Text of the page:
Microsoft enjoys gold in Europe
Microsoft’s VP of Legal & Corporate Affairs, Brad Smith announced on 16th February 2015 that it had become the first major cloud provider to adopt an international standard for cloud privacy – which is also the world’s first.
This follows the EU data protection authority’s endorsement of Microsoft’s gold standard for cloud privacy back in 2014 (see our blog 17th April 2014). The new ISO creates a uniform, international approach to protecting privacy for personal data stored in the cloud.
Smith is clearly pleased: “The British Standards Institute (BSI) has independently verified that in addition to Microsoft Azure, both Office 365 and Dynamics CRM Online are aligned with the standard’s code of practice for the protection of Personally Identifiable Information (PII) in the public cloud”.
Where standards will affect business assurance and safeguards to industry, this new ISO is important commercially as ISO 27018 assures enterprise customers their privacy is safe – and the new standards promise the data will not be used for advertising.
According to Smith, Microsoft can only process identifiable data the customers provide and is obliged to notify the customers where their data is, and who else is using it (in case there are third parties in need of their data). Additionally, the company offering cloud services must notify the client in case the government requests disclosure of ‘PII’ data.
Google’s CIE says “Don’t get lost in the digital Dark Age”
Chief Internet Evangelist for Google, Vint Cerf, a “father of the internet” and holder of the highest civilian honour, the U.S. National Medal of Technology, addressed the American Association for the Advancement of Science (AAAS) annual conference in San Jose last week. His talk aired concerns that all the images and documents we have been saving on computers will eventually be lost – and that future generations will have little or no record of the 21st Century as we enter what he describes as a “digital Dark Age”.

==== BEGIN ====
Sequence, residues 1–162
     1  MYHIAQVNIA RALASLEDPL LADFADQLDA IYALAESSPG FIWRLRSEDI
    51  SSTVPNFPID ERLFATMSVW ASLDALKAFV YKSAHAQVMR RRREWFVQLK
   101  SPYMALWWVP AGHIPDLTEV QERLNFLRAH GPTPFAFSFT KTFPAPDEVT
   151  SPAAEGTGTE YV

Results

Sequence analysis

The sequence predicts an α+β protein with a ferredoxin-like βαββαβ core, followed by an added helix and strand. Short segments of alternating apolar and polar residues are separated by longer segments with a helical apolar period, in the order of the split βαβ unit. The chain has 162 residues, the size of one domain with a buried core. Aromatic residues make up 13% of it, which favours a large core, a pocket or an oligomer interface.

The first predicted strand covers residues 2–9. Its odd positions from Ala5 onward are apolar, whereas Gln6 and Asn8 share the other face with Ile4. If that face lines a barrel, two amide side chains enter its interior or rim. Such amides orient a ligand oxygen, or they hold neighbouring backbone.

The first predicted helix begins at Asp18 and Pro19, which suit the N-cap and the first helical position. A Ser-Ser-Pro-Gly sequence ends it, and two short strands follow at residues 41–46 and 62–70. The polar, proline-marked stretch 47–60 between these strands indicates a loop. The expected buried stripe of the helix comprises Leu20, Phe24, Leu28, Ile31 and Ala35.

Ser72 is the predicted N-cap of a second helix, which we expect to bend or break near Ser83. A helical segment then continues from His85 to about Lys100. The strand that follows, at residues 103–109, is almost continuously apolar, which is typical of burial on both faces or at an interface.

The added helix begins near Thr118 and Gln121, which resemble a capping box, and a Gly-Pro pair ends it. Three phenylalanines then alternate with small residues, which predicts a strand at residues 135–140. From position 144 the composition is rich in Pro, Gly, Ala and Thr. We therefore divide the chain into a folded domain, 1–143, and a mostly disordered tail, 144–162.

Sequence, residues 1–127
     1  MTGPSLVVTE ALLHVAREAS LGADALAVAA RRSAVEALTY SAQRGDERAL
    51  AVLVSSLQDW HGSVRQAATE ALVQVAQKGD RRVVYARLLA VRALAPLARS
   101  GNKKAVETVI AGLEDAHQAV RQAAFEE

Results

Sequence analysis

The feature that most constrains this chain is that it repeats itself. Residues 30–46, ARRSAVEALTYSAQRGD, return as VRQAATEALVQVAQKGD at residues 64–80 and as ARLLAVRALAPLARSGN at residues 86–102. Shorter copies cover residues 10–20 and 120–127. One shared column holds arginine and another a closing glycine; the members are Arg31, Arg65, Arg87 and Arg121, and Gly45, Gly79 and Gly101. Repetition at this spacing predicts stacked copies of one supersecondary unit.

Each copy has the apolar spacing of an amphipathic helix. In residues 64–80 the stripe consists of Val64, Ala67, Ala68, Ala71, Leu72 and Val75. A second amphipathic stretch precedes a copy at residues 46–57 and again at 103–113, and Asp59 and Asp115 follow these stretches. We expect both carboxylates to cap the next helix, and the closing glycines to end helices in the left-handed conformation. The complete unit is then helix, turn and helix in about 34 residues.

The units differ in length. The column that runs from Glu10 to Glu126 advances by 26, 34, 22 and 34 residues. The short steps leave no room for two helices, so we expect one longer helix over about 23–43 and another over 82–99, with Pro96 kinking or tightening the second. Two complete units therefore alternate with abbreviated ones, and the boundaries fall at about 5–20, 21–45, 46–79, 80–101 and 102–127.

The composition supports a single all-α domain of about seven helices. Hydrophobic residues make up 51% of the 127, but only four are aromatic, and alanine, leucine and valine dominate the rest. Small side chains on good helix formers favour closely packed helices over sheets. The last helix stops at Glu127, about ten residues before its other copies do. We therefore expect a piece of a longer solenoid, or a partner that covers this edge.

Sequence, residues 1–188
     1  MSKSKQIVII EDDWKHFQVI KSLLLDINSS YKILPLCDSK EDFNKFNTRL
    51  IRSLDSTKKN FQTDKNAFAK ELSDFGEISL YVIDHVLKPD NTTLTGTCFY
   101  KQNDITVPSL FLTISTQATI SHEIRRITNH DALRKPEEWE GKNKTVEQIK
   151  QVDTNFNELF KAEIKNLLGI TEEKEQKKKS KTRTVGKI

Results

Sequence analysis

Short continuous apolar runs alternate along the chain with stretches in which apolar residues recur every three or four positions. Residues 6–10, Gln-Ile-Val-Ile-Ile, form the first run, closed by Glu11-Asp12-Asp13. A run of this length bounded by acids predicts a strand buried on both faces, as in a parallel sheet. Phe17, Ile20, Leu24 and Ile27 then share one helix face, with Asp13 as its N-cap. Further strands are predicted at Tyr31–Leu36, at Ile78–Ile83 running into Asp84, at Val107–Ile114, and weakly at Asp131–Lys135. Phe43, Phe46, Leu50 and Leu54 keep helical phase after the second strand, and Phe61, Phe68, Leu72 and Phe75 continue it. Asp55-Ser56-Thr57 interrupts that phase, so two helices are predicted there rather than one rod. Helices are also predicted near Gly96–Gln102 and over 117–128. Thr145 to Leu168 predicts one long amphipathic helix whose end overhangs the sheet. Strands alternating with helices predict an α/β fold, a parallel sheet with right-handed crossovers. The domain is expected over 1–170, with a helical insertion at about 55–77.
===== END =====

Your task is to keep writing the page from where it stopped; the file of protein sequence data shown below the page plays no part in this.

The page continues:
This would occur as hardware and software become obsolete (and as backward compatibility is not always guaranteed) and old formats of documents, presentations or images, may not be readable by the latest version of the software or retrievable from external hard drives.
“The key here is when you move those bits from one place to another, that you still know how to unpack them to correctly interpret the different parts. That is all achievable – if we standardise the descriptions…. We have various formats for digital photographs and movies, and those formats need software to correctly render those objects. Sometimes the standards we use to produce them fade away and are replaced by other alternatives and then software that is supposed to render images can’t render older formats so the images are no longer visible”.
“Over time, we accumulate vast archives of digital content, but may not actually know what it is.” As it is unclear what would be the most important data of our generation it was important to preserve as much as possible.
“The solution is to take an X-ray snapshot of the content and the application and the operating system together, with a description of the machine that it runs on, and preserve that for long periods of time. And that digital snapshot will recreate the past in the future.” Cerf calls this digital form, ‘Digital Vellum’ to be held in servers in the cloud – and accessible as required because descriptions have been standardised.